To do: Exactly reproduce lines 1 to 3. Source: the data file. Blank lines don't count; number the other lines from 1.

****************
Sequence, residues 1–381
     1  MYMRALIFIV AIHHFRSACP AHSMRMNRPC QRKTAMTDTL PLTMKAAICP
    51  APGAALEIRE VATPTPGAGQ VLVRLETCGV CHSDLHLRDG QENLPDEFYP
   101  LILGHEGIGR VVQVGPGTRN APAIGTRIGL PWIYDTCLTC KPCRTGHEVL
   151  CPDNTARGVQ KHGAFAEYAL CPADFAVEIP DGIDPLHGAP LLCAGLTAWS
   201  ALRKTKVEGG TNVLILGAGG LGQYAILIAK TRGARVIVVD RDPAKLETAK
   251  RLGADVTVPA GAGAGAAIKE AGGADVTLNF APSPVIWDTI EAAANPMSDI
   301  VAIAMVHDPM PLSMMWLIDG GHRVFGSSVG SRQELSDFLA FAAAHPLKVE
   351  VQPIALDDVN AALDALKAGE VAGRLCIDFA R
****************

Sequence, residues 1–381
     1  MYMRALIFIV AIHHFRSACP AHSMRMNRPC QRKTAMTDTL PLTMKAAICP
    51  APGAALEIRE VATPTPGAGQ VLVRLETCGV CHSDLHLRDG QENLPDEFYP